Against the Mets on June 3, Javier Baez electrified baseball with his steal of home. Essentially a high school-level play, it’s the element of surprise that proved key and helped break a 0-0 tie.
Cubs Insider detailed the live broadcast coverage of the play as called by Keith Hernandez and other announcers. Now flash forward one month to yesterday when Javy did it again. That element of surprise, however, is gone.
In fact, as soon as Addison Russell walked in the 4th inning, both Tigers and Cubs TV crews note Baez’s last steal of home. It’s the the exact same first-and-third situation with a lefty on the mound. Fox Sports Detroit even replayed that June steal shortly before his newest dash for home.
“You have to be careful if you are [Francisco] Liriano throwing the ball over to first base,” said Tigers color TV commentator Rod Allen. “You have to throw it firmly. Because Baez is so far down that line, and with his base-running instincts, he might just try to steal home plate. He’s that kind of baseball player.”
Unlike the Mets, the Tigers are ready. Cubs broadcaster Jim Deshaies notes Tigers corner man Jeimer Candelario is staying close to third base to shorten Baez’s lead. Compare this positioning to how the Mets were set up.
Not only is Candelario closer to third, but he even juke-steps toward Baez in an attempt to blunt some of the runner’s aggressiveness.
The odds grow longer against Baez when Liriano makes a firm pickoff throw to first, not the lob made by the Mets’ Steven Matz. Then, seeing Baez break for home, Tigers first baseman John Hicks instantly steps toward the pickoff throw and fires home.
Only two things allow for Baez’s successful steal. One, he executes a perfect swim move to elude the tag. But before this, Tigers catcher James McCann makes a small but decisive error in technique.
In the picture to the right, McCann is ready for Baez. Just as Liriano starts his pickoff, McCann looks at Baez at third. But when Baez breaks home, McCann sets up poorly for this foot race of inches.
To the left, see how McCann positions his left foot on the home-plate corner closest to first. The better starting point is 17 inches to his left on the corner closest to third base. This would maintain the required path to the plate for the runner while also allowing the catcher to quickly dip and turn in one motion to cut off most of the plate and slap on a tag.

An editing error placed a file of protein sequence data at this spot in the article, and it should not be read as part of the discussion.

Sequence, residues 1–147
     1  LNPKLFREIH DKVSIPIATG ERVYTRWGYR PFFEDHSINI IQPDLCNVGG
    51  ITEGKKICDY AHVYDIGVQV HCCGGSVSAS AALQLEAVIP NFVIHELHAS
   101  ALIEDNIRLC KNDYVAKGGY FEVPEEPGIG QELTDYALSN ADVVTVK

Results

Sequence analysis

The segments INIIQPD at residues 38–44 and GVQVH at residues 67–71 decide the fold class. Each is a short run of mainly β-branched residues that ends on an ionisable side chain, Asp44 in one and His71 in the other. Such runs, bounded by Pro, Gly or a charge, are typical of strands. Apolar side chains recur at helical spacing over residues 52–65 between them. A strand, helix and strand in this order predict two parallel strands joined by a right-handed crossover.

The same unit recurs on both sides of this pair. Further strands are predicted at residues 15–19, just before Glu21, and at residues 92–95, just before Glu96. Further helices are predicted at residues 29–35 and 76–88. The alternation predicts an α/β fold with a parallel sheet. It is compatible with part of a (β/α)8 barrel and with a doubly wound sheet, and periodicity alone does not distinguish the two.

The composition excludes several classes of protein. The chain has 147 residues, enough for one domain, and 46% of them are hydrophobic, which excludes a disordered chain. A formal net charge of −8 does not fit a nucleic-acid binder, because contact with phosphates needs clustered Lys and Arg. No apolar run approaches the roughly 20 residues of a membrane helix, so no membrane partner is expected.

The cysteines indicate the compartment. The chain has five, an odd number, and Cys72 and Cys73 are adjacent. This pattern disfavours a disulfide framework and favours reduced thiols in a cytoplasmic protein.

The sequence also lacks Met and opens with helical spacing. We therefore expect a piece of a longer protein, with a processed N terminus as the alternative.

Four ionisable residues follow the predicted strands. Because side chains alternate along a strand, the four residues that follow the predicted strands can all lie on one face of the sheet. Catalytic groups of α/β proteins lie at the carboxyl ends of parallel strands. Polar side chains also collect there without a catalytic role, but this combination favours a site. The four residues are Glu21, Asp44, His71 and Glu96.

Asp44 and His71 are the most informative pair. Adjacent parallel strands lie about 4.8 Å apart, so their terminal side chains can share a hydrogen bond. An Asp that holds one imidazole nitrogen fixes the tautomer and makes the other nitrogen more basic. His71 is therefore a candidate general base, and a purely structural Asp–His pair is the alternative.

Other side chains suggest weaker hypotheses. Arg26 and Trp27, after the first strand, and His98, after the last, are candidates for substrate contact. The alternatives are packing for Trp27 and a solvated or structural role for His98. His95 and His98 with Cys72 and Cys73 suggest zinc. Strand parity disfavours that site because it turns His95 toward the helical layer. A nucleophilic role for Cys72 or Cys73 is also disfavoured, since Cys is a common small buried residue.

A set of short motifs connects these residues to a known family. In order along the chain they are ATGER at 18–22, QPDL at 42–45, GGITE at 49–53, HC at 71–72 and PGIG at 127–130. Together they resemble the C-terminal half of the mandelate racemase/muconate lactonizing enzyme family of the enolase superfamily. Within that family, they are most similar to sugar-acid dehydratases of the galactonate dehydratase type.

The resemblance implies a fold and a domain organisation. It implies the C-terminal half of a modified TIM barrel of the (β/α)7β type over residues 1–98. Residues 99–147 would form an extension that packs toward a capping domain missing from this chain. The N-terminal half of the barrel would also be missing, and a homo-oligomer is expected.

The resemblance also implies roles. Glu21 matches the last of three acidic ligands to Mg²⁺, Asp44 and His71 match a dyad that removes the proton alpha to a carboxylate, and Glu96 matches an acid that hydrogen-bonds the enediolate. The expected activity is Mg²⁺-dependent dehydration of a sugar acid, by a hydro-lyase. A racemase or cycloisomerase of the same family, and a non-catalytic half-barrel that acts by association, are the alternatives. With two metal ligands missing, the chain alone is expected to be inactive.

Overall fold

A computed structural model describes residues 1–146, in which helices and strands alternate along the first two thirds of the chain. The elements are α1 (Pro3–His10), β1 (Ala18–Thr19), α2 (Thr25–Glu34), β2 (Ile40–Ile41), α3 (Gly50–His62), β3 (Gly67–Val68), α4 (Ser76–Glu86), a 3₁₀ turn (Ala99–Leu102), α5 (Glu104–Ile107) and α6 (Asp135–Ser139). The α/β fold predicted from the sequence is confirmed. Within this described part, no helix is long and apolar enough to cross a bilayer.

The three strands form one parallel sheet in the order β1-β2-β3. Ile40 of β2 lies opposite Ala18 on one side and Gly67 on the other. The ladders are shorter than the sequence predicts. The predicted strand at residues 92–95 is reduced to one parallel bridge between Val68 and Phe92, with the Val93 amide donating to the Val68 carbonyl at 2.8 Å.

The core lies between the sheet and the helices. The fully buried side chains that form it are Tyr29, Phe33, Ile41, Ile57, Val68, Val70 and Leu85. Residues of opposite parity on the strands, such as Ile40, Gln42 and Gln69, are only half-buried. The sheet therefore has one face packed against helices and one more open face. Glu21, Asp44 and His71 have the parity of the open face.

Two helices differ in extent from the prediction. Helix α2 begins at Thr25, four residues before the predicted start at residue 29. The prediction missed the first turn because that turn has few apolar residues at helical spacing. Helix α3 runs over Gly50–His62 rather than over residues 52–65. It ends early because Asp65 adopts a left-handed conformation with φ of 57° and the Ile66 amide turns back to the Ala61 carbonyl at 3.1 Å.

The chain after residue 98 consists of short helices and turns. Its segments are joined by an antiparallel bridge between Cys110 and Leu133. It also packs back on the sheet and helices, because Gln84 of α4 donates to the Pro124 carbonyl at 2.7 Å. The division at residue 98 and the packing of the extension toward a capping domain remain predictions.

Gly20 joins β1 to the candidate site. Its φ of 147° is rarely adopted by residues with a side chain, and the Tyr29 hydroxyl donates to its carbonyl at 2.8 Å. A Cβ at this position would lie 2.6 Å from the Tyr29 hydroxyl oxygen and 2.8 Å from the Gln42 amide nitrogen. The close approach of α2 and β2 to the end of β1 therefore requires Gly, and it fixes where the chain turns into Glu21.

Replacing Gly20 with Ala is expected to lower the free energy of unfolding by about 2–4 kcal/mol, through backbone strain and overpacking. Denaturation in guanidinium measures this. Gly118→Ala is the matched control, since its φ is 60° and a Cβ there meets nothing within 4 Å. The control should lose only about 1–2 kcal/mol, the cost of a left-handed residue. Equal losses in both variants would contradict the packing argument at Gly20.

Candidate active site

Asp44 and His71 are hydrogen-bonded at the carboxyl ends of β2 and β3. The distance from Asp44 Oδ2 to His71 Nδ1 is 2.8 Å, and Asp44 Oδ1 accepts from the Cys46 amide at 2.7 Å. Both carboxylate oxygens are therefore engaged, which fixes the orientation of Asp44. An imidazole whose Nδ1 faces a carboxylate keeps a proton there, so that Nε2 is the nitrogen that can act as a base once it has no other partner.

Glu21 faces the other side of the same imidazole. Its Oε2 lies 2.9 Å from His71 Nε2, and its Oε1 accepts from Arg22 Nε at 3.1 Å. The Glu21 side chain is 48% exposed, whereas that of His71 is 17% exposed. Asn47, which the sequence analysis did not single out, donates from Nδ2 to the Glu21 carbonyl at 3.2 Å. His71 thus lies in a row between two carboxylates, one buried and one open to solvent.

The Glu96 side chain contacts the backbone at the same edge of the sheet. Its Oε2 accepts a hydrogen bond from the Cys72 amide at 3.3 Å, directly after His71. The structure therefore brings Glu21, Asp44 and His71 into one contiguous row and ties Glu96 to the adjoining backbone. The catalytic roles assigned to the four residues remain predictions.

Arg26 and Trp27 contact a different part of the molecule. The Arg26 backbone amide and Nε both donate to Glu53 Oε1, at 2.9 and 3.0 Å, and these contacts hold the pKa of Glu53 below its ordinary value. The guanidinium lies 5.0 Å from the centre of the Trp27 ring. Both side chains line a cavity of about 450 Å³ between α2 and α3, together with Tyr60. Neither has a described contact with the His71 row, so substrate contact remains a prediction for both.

In fact, the Tigers should have nailed Baez as the ball clearly beats him.
But McCann receives the ball positioned too far to the right and out front of the plate. He thus must reach back and dive at the head-first diving Baez. Because ball travels faster than body, it’s a precious loss of inches and hundredths of a second that proved the difference when Baez perfectly executes that swim move.
Notes Allen: “McCann probably could have let that ball travel a bit further. He could have caught it deeper.” See play again here.
Interestingly, this was not a good strategic play on Baez’s part. Joe Maddon always warns against “outcome bias” – just because something works (or doesn’t work), doesn’t mean it was the best percentage play. This applies here too, which WGN color announcer Jim Deshaies explains on air.
“I’m not a big fan of this play with nobody out. I think it’s a two-out play. Maybe a one-out play, depending on where you are in the batting order,” he says.
Now Deshaies wasn’t being negative, just pragmatic. And he was right. Runner on third, no outs. Pressure is high on the defense and pitcher with a hot Contreras up to bat. Plus, attempted steals of home are never high-percentage plays.
Acknowledging all this, the play does create an even higher degree of pressure on the average defense of a poor team like the Tigers. It requires perfect decision-making and execution by four players, including that third baseman holding Baez close.
Without a bit of surprise, though, none of the individual defensive elements needed to throw Baez out are exceptionally difficult. But like a perfect relay throw or 3-6-1 double play, the more moving pieces involved, the more chances for small mistakes on a bang-bang play. Also remember the Tigers had just muffed two previous chances to throw out an aggressive Baez at second and then third. So against a better team, Baez gets thrown out at home 95 percent of the time.
Moving forward, this play will have sustained value. It further reinforces the aggressive baserunning reputation of the Cubs (especially Baez). Opposing infielders will play a little tighter to bases to hold runners on, which will further open hitting lanes. Pitchers will be more preoccupied in the stretch and less-than-sterling fielders will tighten up a tad more before trying to nail Baez on a throw.
Plus, for future first-and-third situations with Baez on third, teams very well could concede a steal of second to not risk Baez stealing home on the long throw. But for now, let’s give Allen the last word:
“When was the last time you saw a player steal home plate? It just doesn’t happen that often. That’s why I am really fond of Baez as a player. Yes, we watched him strike out three times [yesterday], but [today] he got a base hit, stole second, got to third, and the man stole home plate.” (Emphasis his.)